Hallmark said a hard Brexit would wipe out a quarter of the Crewe firm’s global profits if it absorbed the tariff costs of a no-deal Brexit and it would still lose 20% of its profits even if it passed them on to its customers as its volumes would be reduced.
Modeling of the best volume/profit scenario for Bentley has been done and the result is “hard Brexit wouldn’t kill us but it hurts profitability and slows us down with components”. To that last point, Bentley normally holds two days of stock for components at its factory, but that’s now at 14 days and will rise to 20 days by mid-January to stay ahead of an expected slowdown in the speed of imports in the event of a no-deal Brexit.
“We have safety mechanisms in place but hope we get a deal and don’t need them,” said Hallmark.
Speaking more broadly about the chances of a deal, Hallmark put it at less than 50/50 but understood that automotive was not one of the sticking points on either side.
“The government understands what hard Brexit means to us,” he said. “They agree, they’re fighting, but have told us to get ready for no deal. They’re not scaremongering but it’s real. The gaps aren’t huge and there is goodwill from both sides. As automotive disagreements haven’t come up, it makes me feel that they’re aligned on automotive – so sort the fish out!”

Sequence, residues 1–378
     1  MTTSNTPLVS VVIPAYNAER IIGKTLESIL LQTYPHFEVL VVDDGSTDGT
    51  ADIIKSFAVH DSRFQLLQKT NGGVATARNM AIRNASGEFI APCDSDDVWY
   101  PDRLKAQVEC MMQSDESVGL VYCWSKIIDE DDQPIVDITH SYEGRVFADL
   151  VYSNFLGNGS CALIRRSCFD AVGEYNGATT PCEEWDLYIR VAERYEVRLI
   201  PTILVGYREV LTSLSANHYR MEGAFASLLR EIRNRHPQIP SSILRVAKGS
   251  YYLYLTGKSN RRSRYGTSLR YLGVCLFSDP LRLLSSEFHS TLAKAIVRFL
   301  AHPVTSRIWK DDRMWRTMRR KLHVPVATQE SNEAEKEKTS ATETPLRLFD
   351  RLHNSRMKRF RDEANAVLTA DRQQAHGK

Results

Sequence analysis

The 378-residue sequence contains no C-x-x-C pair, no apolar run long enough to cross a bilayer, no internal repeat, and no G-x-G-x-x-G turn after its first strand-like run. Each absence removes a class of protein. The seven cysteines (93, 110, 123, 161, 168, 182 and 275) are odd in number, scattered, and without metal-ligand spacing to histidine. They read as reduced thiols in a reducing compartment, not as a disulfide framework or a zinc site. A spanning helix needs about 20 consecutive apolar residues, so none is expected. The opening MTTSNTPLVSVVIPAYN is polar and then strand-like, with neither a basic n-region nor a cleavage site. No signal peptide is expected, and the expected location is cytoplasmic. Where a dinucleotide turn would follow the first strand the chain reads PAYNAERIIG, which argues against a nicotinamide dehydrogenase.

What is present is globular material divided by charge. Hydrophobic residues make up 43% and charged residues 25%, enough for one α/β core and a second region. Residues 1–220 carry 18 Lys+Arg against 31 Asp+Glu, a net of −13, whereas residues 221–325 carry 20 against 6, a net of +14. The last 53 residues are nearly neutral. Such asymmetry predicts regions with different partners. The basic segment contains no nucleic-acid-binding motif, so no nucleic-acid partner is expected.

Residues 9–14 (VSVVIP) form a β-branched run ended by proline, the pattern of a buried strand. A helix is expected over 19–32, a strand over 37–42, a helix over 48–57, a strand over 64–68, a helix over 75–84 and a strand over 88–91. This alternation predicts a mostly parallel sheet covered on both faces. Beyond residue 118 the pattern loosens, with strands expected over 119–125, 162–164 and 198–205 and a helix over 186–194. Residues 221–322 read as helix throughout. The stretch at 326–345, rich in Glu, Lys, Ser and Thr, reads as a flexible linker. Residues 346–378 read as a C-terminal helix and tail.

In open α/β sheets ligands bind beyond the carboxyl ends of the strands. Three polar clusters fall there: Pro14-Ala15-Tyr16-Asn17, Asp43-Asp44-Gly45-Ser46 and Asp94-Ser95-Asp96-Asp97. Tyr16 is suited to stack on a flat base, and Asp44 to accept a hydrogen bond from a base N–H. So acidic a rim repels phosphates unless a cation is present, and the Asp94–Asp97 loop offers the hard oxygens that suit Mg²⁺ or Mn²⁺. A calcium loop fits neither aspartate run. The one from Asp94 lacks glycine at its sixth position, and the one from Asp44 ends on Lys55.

The increase in the cost of imported components would rise by between 2.5% and 4.5% in the event of a no-deal Brexit and the cost of exported cars to the EU would increase by 10%.
Bentley heads into 2021 in as good a shape as is possible in the current market, Hallmark believes. “Q1 this year was a sales and profit record. Then Covid hit… What followed was the biggest loss in a quarter ever in Q2, which more than wiped out the profit of Q1. But we’re now in a much better place than we dare imagine. At one point, we were on for a three-digit-million loss. Our order bank is 50% higher than it was in January pre-crisis, and that in itself was the highest since 2004 with the launch of GT. We’re in relatively good shape.”
Bentley will launch nine new products in 2021, including two new cars in the shape of the Bacalar and reborn Blower, four-engine launches, including hybrid versions of the Bentayga and Flying Spur, and three derivatives, including Mulliner versions of its models.